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There's A Big Disconnect In The Way Apple Enforces Its Anti-Porn Policy

Steve Kovach

After an outbreak of user-generated porn on Twitter's new video-sharing app Vine, there's been a big debate about how such content should be managed by Apple, which explicitly prohibits porn in apps for iPhone and iPad.

But much of it misses the point.

The story here isn't the porn on Vine or other apps with user-generated content. The story isn't that Safari can look up porn too. (It's an old joke that if Apple hates porn, it should ban its own Web browser). The story is the disconnect in Apple's written policy on pornographic content and the way it enforces that policy.

A few examples:

Apple's App Store guidelines are very clear about pornography in apps:

Apps containing pornographic material, defined by Webster's Dictionary as "explicit descriptions or displays of sexual organs or activities intended to stimulate erotic rather than aesthetic or emotional feelings", will be rejected

Apps that contain user generated content that is frequently pornographic (ex "Chat Roulette" Apps) will be rejected  

But how Apple enforces those guidelines isn't so clear.

Some apps, such as Web browsers like Google Chrome, offer a warning before downloading that says the app could have "mature/suggestive content." Other apps like Twitter and Tumblr, where you can easily find porn, do not have a such a warning.

Apple has a history of removing other apps that make it easy to find pornographic user-generated content.

For example, it removed Viddy, a video-sharing app that's very similar to Vine, last year because there was a bunch of porn in the app. It removed photo-sharing app 500px last week because the app had a lot of nude photos. Viddy eventually returned to the App Store after making some adjustments. 500px's COO Evgeny Tchebotarev told us a new version of the app was submitted to Apple on Friday with new filters that help weed out nude photos.

Vine clearly has a lot of "user generated content that is frequently pornographic," yet the app is still available for download in the App Store. It was featured as an "Editor's Pick" at the top of the iPhone version of the App Store, but it disappeared from that spot this afternoon. Apple won't comment on the issue, so we can't tell if this is related to the porn controversy or not.

So now for the big question:  Why is Vine getting preferential treatment and remaining in the App Store, even though it's clearly violating Apple's anti-porn guidelines?

Again, Apple declined to comment for this story or anything else related to the matter. Twitter did not respond to repeated requests for comment.

So we're left to speculate.

Here's what we do know.

We know Twitter and Apple have a very close relationship. Twitter is built into Apple's iOS operating system for iPhones and iPads. It's also built into the latest version of Mac OS X, the operating system for Apple laptops and desktops.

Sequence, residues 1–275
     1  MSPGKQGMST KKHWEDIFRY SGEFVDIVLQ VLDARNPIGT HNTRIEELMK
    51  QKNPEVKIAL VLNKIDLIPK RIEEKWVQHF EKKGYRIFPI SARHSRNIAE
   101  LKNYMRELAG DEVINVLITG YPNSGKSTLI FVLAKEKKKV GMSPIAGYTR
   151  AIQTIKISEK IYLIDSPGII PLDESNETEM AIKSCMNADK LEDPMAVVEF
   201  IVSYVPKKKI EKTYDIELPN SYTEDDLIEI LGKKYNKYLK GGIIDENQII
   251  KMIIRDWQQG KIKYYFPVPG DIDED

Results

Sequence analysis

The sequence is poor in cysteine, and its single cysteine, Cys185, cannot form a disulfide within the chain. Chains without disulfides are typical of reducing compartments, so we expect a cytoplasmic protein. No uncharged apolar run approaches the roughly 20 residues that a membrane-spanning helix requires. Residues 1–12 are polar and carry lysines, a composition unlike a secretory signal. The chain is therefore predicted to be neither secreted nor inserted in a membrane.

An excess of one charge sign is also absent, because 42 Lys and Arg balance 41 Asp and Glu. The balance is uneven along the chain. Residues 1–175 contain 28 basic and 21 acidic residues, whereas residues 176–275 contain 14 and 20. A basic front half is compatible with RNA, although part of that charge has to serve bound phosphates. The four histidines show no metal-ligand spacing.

Twitter appears to be getting preferential treatment in the App Store when it comes to pushing out new updates to Vine. There have already been three versions of Vine since it launched last week, a rare occurrence for a brand new app.

We know Vine has a reporting feature that you can use to flag inappropriate content to Twitter. Twitter said in a statement yesterday that it will remove flagged videos that show pornographic content and other lewd material. 

Finally, we know Vine began blocking searches today for hashtags that commonly feature pornographic content including "#sex," "#porn," and "#boobs."

All of that could work in Twitter's favor and shield Vine from being yanked by Apple.

Why does it matter? 

Apple's App Store is big deal. Over the years it's spawned millionaires and enriched billionaires. It's created video game empires. And a lot of those apps, most notably Instagram, which Facebook bought for roughly $1 billion, rely on user-generated content. It's very easy for pornographic images to sneak onto such apps.

Without a clear description on how Apple enforces its anti-porn policy, startups are left guessing. There's a lot at stake.

So what's the answer?

Tchebotarev has a good take on the issue. In an email, he said there are plenty of apps in the App Store that are still available for download and provide easy access to pornographic content. The best solution is to have a consistent reviewing and monitoring process for apps.

"I believe that as long as there's a consistency and transparency in how apps are reviewed, it would make it a lot easier for developers and users alike," Tchebotarev said.

Another, and much more likely scenario, comes from iMore's Rene Ritchie who says Apple could add a ratings system or warning for apps like Vine that have a lot of user-generated content.

" I say slap the same mature content warning on social sharing that they slap on full blown web access," Ritchie wrote. "It's scary, and it's not ideal, but it's pragmatic given the system as it stands."

Sounds good to us.

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